This is the week that the top teams begin to separate themselves from the pack. There are a whole lot of 6-2 and 5-3 teams that can cement their status as legit playoff contenders. At the same time, teams sitting at 4-4 or 3-5 are thinking about upsetting teams in the first group and setting themselves up for wild card competition or, in the weaker divisions, possibly a division title. I'll include the respective records with the teams this week to show these exact matchups and tell who I think will separate themselve, who will climb into the playoff picture, and who will begin seriously ranking next spring's college draft picks.
On a personal note, I want to send a shout-out of "Congratulations" to long-time friend and regular Sandlot contributor "Tuck" on the birth of his son this week. Mom and baby are doing fine, but Dad reportedly could use a stiff drink. Best wishes to Tuck and his whole family on the new addition. I couldn't be happier for you!
On to the picks...
Houston (1-7) at Indianapolis (8-0)
For Houston, the question is whether you keep David Carr or draft Matt Leinert if you manage to end up with the #1 pick in the draft. For Indy, it's how to avoid the post-Patriot letdown and how to stay focused week-to-week now that the talk is about "undefeated season." Tough games lie ahead next week at Cincy and the following Monday at home against the Steelers, who will be a much more telling test than the wounded Pats were last week.
Minnesota (3-5) at New York Giants (6-2)
This is about the worst possible game for the Vikings to face after an encouraging win at home against Detroit. Minnesota has always played horribly at the Meadowlands (remember the shellacking they took in the NFC title game a few years ago?), and Eli Manning and the vicious Giants defense look like juggernauts at home. This one's gonna be ugly. The Giants will find separation in the NFC East, while the Vikings will miss their chance to stay with the Bears in the NFC Central.
Baltimore (2-6) at Jacksonville (5-3)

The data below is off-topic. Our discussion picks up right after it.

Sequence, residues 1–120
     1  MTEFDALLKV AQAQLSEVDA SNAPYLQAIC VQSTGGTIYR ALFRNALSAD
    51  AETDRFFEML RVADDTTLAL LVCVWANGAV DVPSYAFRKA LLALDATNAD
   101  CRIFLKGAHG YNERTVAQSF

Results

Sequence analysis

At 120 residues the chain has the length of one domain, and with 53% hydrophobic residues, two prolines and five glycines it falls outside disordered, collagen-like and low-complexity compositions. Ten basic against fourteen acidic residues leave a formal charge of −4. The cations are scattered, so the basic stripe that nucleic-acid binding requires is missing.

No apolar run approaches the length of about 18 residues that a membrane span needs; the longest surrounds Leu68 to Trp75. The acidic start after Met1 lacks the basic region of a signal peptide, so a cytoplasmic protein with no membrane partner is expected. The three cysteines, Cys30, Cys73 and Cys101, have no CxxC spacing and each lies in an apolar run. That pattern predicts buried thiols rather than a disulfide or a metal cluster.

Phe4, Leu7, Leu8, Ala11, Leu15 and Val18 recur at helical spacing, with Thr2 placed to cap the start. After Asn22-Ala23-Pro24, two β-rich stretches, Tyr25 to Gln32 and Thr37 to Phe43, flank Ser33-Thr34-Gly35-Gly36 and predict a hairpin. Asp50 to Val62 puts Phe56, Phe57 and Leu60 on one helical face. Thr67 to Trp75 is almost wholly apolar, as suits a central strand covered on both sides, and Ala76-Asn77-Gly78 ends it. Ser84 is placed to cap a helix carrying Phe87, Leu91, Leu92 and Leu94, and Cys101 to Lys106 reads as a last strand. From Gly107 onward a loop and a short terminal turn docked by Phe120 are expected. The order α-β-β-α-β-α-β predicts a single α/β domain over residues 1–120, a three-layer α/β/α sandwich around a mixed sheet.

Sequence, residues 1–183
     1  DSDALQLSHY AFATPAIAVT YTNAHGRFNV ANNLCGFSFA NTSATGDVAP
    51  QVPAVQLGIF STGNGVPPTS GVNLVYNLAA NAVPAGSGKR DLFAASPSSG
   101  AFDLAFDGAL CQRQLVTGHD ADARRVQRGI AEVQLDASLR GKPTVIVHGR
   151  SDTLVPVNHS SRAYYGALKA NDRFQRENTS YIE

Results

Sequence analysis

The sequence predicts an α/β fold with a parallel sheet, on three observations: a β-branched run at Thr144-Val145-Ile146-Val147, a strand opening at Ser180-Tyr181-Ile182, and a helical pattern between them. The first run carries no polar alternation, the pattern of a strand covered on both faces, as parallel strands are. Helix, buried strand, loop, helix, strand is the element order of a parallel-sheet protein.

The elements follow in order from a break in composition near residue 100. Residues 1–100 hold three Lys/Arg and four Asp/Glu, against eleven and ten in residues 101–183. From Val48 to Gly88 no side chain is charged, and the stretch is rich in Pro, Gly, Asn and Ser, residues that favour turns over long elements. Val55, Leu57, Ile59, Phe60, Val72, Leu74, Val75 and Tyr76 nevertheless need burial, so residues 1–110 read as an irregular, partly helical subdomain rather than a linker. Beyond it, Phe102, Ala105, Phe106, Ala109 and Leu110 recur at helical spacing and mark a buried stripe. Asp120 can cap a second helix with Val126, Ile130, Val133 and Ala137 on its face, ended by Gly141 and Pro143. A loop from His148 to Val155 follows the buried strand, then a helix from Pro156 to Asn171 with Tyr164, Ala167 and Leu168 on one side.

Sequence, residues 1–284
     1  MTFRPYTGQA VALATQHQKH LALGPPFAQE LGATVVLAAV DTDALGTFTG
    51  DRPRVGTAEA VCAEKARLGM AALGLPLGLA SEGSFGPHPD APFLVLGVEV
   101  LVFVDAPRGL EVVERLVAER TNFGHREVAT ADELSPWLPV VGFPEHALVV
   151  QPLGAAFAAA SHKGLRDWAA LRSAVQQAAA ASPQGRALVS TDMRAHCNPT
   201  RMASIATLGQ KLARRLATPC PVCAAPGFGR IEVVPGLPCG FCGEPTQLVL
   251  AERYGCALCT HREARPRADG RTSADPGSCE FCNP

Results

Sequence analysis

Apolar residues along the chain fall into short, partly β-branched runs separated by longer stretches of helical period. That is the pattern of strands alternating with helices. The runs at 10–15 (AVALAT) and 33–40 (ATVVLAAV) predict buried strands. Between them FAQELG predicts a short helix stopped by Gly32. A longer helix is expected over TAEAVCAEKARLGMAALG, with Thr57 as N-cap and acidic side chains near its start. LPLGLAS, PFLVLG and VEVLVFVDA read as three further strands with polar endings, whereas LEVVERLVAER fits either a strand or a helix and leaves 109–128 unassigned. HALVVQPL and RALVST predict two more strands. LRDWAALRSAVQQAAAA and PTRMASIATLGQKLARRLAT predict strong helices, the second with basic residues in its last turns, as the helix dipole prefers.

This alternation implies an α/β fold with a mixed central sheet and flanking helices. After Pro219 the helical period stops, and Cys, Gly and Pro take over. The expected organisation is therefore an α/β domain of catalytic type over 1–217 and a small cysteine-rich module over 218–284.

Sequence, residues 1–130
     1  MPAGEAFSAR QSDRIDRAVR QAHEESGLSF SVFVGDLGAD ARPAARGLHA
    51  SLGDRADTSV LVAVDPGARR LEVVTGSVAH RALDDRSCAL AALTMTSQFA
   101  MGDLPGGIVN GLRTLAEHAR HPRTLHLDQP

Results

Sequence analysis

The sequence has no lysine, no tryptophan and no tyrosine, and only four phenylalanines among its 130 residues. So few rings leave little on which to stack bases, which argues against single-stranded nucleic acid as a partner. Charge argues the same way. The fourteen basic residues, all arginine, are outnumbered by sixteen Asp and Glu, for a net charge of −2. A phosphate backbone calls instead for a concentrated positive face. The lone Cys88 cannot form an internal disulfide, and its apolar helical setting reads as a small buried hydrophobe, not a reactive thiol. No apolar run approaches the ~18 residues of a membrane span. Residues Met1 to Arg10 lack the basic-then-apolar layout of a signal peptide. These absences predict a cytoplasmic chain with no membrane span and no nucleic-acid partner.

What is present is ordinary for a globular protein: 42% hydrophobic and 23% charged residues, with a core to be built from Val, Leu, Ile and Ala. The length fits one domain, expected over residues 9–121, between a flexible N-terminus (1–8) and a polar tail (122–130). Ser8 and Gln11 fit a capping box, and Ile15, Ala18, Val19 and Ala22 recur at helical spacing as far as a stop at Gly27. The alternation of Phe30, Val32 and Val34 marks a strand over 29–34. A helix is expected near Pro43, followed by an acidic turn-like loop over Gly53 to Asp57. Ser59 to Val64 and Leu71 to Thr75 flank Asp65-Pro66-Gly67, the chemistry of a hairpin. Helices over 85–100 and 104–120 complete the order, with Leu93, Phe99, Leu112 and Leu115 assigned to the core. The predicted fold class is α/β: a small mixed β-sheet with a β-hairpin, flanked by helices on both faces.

What I don't understand about Baltimore is how their offense has remained consistently bad under Brian Billick, who was a masterful offensive coordinator at Minnesota. With the core of the Ravens defense out with injury, Jacksonville should be able to keep their wild card hopes alive, which is all they have, because they're not catching the Colts in their division. Billick might consider updating his resume; I hear there might be openings in St. Louis and Green Bay...
San Francisco (2-6) at Chicago (5-3)
How did SF win two games? Chicago finds separation in the NFC Central, but Lovie Smith better find an offense that can score more consistently if he has any hopes of getting past the wild card weekend in the playoffs. He should have signed Kurt Warner; he would have been a better fit in Chicago than Arizona.
Arizona (2-6) at Detroit (3-5)
I don't know where to go on this one. I don't like Joey Harrington at all, but Arizona's got serious offensive line problems, which have led directly to all their QB problems. Warner or McCown either one would have more success if they weren't getting hit like pinatas by opposing defenses. I suppose I should go with the home team, but my gut tells me that Arizona bounces back this week. Denny Green is well familiar with playing at Detroit, Warner thrives on playing indoors, and Joey Harrington is the worst QB in the NFL. Okay, I talked myself into it.
Kansas City (5-3) at Buffalo (3-5)
Wow, was that a great finish last week in the KC-Oakland game? I loved that Vermeil went for the win when it was all-or-nothing at the end. Part of that was the recognition that their defense hadn't stopped Oakland at all in the second half. But Buffalo has screwed me week in and week out with picks this season, so I'm taking Vermeil's guts and KC's momentum to keep them on pace in the AFC West, and for Buffalo to fall further behind New England.
New England (4-4) at Miami (3-5)